There were moments when I thought: Hey! I want to write a blog post about this! And… nope. I was postponing until the topic was no longer hot, so I decided I will do a long one for spring 2019. Looking back now, I am proud that I really sit down and wrote it, and it’s not even Christmas yet!
Fight in Thailand
I was desperately seeking for a fight in Hong Kong, but I just could not get any. After few months of frustration, I liked all the MMA facebook circles in Asia that I could find, and through that I heard about this competition called K Warrior in Thailand. This amateur MMA event at the end was absolutely great. They did everything so that we, amateurs, could feel like pros. There was music, lights, walk in, public weight ins, stare downs, live stream, commentators… 20 out of 10 would go again!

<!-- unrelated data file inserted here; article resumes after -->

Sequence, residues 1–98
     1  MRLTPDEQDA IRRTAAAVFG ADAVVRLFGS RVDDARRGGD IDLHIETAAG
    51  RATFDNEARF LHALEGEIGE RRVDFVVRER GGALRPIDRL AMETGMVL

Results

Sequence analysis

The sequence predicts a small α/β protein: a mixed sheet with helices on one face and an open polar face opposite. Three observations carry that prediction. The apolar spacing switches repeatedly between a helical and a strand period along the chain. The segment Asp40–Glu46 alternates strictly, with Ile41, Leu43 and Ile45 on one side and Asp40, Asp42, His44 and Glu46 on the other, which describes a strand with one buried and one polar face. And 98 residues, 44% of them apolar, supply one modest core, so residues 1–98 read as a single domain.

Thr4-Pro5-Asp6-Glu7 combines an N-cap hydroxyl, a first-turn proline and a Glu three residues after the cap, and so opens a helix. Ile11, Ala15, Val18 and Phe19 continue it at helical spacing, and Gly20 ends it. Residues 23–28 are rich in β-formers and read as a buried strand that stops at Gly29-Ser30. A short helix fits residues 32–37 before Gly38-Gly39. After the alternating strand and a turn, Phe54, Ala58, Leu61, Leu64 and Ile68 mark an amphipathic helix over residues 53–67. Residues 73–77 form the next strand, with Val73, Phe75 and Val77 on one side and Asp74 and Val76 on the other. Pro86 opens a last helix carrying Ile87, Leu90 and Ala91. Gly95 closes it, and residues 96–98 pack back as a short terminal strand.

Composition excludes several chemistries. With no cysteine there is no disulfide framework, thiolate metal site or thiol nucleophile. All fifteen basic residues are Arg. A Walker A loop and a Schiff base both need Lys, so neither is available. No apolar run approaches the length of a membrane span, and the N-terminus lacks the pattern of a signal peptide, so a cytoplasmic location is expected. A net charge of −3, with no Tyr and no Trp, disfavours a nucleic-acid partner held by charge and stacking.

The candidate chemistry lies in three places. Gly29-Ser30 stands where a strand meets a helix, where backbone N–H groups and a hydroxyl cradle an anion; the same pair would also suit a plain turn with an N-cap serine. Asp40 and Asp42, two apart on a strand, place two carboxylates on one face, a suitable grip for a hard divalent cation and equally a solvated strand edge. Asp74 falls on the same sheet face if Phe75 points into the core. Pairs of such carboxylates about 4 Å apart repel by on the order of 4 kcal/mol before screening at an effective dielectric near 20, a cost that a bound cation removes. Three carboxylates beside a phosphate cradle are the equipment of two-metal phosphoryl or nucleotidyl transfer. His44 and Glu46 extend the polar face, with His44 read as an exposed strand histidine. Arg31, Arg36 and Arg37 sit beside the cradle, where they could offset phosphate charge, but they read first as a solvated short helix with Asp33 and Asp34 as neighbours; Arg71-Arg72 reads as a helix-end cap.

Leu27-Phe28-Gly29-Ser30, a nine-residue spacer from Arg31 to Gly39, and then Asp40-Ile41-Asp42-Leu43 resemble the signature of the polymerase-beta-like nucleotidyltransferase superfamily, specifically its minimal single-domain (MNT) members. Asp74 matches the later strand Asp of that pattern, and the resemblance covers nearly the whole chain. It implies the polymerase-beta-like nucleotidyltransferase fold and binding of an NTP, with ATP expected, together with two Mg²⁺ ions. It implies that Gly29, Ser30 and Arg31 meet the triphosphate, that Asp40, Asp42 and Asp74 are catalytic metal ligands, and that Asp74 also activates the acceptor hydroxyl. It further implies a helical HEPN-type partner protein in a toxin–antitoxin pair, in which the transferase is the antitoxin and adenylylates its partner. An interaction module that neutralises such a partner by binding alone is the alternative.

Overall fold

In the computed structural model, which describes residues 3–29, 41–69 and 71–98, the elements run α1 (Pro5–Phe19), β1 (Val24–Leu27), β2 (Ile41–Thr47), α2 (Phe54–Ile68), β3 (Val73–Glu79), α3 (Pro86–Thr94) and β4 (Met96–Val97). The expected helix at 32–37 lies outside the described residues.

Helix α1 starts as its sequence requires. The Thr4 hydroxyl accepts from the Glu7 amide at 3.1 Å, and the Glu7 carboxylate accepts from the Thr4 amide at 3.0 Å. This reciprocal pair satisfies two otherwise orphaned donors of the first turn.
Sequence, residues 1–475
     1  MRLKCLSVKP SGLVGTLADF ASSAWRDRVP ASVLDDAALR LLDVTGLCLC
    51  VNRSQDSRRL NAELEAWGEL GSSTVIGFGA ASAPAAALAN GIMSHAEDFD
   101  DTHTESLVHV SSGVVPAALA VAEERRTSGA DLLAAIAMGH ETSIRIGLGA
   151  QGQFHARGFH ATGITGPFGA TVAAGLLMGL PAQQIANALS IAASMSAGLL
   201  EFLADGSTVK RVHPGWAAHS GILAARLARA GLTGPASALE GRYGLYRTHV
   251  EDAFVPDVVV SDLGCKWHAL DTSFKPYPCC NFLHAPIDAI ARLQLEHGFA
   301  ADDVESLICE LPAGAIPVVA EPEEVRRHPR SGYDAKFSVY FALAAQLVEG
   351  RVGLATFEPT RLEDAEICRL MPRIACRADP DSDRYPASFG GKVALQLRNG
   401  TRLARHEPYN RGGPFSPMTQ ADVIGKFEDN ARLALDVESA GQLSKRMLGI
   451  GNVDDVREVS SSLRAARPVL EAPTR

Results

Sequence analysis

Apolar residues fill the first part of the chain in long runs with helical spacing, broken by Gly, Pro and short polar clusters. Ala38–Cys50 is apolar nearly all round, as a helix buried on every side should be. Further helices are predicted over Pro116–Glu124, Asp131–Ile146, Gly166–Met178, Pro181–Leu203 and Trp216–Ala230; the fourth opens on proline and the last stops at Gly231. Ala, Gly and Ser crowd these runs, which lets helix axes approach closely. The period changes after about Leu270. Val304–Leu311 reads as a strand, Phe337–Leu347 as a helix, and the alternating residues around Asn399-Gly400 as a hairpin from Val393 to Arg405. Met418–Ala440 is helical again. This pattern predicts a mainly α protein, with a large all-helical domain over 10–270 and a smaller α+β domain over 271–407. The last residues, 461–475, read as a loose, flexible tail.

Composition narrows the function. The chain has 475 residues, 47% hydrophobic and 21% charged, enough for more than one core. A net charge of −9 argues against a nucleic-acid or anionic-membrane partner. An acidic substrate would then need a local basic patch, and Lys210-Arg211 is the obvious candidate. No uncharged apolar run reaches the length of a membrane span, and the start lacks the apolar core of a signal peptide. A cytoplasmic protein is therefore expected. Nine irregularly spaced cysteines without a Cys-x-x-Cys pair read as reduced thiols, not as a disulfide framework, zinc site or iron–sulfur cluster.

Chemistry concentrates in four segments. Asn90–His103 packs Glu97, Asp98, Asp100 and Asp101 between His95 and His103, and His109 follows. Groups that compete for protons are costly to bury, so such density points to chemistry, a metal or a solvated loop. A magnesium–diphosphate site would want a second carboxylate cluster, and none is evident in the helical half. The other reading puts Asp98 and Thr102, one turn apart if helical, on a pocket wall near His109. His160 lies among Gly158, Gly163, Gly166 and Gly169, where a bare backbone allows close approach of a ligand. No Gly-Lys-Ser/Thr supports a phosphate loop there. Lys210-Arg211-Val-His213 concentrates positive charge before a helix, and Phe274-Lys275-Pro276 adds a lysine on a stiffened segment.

The problem was, not only it was 4 hours by car north from Bangkok, but I had no team willing to go with me. I found out that Tiger is going, so I was waiting to see who exactly and if they could corner me, too. The time was coming close and I still didn’t know, so I decided I will go anyway. Even if I have to grab a random Thai person on the street and drag him to the cage, “You will be my corner now! Here is my water bottle!”, simply, I was going to have that fight!
In spring 2017 I, for the first time stepped in an MMA gym. For all reasons one can have for starting MMA, I actually just liked the open gloves, thinking that may be great for my kung fu. I didn’t give grappling even a single thought. Well, I guess I should have done more research on YouTube, but that’s a different story.